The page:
Availability: MSProGene is written in Java and Python. It is open source and available at

Date:Sunday, July 12 10:50 am - 11:10 amRoom: The Liffey B

Yana Safonova, St. Petersburg State University, Russian Federation
Stefano Bonissone, University of California, San Diego, United States
Eugene Kurpilyansky, St. Petersburg Academic University, Russian Federation
Ekaterina Starostina, St. Petersburg State University, Russian Federation
Alla Lapidus, St. Petersburg State University, Russian Federation
Jeremy Stinson, Genentech, United States
Laura Depalatis, Genentech, United States
Wendy Sandoval, Genentech, United States
Jennie Lill, Genentech, United States
Pavel Pevzner, University of California, San Diego, United States

Area Session Chair: Anna Tramontano

Presentation Overview:
The analysis of concentrations of circulating antibodies in serum (antibody repertoire) is a fundamental, yet poorly studied, problem in immunoinformatics. The two current approaches to the analysis of antibody repertoires (next generation sequencing (NGS) and mass spectrometry (MS)) present difficult computational challenges since antibodies are not directly encoded in the germline but are extensively diversified by somatic recombination and hypermutations. Therefore,
the protein database required for the interpretation of spectra from circulating antibodies is custom for each individual. While such a database can be constructed via NGS, the reads generated by NGS are error-prone and even a single nucleotide error precludes identification of a peptide by the standard proteomics tools. Here, we present the IgRepertoireConstructor algorithm that performs error-correction of immunosequencing reads and uses mass spectra to validate the constructed antibody repertoires.

Availability: IgRepertoireConstructor is open source and freely available as a C++ and Python program running on all Unix-compatible platforms.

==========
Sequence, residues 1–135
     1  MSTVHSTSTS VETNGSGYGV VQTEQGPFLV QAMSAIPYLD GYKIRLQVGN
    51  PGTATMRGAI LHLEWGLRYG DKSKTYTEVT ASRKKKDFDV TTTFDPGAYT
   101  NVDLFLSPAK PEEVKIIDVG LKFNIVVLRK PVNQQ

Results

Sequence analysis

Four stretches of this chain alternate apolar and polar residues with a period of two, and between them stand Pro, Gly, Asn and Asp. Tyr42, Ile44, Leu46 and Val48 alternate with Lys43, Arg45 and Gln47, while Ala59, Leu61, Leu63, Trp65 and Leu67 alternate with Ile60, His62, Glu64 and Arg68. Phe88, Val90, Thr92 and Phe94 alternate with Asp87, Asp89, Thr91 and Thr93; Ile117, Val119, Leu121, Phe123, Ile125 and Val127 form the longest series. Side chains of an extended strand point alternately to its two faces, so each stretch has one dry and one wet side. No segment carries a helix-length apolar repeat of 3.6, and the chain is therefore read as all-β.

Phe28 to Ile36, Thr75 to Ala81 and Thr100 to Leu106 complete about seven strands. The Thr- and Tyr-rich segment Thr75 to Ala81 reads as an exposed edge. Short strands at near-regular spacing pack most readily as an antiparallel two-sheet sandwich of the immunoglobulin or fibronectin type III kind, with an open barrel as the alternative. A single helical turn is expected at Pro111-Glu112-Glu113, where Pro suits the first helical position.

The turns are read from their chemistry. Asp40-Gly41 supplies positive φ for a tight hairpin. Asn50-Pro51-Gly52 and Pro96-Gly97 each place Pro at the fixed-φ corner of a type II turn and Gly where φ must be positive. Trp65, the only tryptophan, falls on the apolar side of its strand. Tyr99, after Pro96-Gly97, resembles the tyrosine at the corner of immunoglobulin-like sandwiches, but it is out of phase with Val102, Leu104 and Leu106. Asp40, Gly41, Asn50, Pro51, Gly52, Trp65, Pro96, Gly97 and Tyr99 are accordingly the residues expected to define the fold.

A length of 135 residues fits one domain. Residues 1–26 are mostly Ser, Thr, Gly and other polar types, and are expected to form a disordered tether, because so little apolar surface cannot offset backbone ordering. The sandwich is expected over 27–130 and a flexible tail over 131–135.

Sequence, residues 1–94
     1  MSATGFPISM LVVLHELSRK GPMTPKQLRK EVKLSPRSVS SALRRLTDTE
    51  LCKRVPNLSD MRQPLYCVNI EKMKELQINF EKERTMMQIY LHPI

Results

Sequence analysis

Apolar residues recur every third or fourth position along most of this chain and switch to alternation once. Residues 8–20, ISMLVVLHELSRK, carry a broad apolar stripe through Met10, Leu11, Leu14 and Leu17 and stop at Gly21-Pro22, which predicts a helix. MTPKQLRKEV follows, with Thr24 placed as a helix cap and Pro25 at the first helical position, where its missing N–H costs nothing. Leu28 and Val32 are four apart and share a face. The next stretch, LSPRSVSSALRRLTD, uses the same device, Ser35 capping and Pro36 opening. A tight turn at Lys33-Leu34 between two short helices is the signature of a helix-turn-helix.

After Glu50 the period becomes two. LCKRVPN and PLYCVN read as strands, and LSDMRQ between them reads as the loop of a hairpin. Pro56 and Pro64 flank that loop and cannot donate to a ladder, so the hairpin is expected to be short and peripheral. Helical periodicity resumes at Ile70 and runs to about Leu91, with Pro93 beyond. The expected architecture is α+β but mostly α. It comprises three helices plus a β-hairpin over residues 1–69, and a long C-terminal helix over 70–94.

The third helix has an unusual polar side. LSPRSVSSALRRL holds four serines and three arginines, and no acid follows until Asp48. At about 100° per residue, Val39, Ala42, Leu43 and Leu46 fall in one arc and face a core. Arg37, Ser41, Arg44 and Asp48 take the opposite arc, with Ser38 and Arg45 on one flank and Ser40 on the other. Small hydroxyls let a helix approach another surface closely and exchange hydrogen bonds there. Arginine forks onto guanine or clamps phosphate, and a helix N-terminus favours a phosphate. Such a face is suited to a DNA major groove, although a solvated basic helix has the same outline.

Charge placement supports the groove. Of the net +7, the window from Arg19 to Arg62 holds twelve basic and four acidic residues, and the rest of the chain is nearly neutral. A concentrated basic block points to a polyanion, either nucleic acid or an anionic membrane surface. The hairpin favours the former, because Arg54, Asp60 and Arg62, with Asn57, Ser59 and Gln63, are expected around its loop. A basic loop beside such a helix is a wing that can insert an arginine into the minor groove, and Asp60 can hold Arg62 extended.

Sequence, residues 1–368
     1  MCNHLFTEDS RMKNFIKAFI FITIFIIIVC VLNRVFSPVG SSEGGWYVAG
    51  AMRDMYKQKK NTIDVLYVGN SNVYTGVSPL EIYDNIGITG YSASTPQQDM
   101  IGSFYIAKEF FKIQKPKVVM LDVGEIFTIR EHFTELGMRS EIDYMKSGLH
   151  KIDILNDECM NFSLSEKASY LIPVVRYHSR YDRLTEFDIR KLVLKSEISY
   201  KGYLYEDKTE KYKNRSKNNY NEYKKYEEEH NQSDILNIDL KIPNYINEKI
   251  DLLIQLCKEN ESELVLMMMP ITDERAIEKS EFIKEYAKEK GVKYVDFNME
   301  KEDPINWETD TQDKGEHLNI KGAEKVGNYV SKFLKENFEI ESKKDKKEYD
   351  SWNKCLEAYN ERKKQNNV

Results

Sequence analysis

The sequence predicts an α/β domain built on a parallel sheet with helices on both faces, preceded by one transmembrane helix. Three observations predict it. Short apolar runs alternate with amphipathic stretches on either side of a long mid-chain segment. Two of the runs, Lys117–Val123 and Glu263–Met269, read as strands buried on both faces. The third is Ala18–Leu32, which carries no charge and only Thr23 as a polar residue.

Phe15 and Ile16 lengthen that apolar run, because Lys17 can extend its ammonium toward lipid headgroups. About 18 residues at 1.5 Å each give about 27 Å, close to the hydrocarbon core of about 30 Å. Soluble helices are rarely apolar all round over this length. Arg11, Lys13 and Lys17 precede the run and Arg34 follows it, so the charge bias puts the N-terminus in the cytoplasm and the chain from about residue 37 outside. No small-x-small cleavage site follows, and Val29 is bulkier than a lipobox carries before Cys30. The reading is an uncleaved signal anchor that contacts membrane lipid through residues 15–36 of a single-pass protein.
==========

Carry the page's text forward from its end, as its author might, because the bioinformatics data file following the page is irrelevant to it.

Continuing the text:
The source code is available from
Contact: ppevzner@University of California, San

Date:Tuesday, July 14 11:40 am - 12:00 pmRoom: The Liffey B

Yang Shen, Texas A&M University, United States
Tomasz Oliwa, Toyota Technological Institute as Chicago, United States

Area Session Chair: Francisco Melo Ledermann

Presentation Overview:
Motivation: It remains both a fundamental and practical challenge to understand and anticipate motions and conformational changes of proteins during their associations. Conventional normal mode analysis (NMA) based on anisotropic network model (ANM) addresses the challenge by generating normal modes reflecting intrinsic flexibility of proteins, which follows a conformational selection model for protein--protein interactions. But earlier studies have also found cases where conformational selection alone could not adequately explain conformational changes and other models have been proposed. Moreover, there is a pressing demand of constructing a much reduced but still relevant subset of protein conformational space in order to improve computational efficiency and accuracy in protein docking, especially for the difficult cases with significant conformational changes.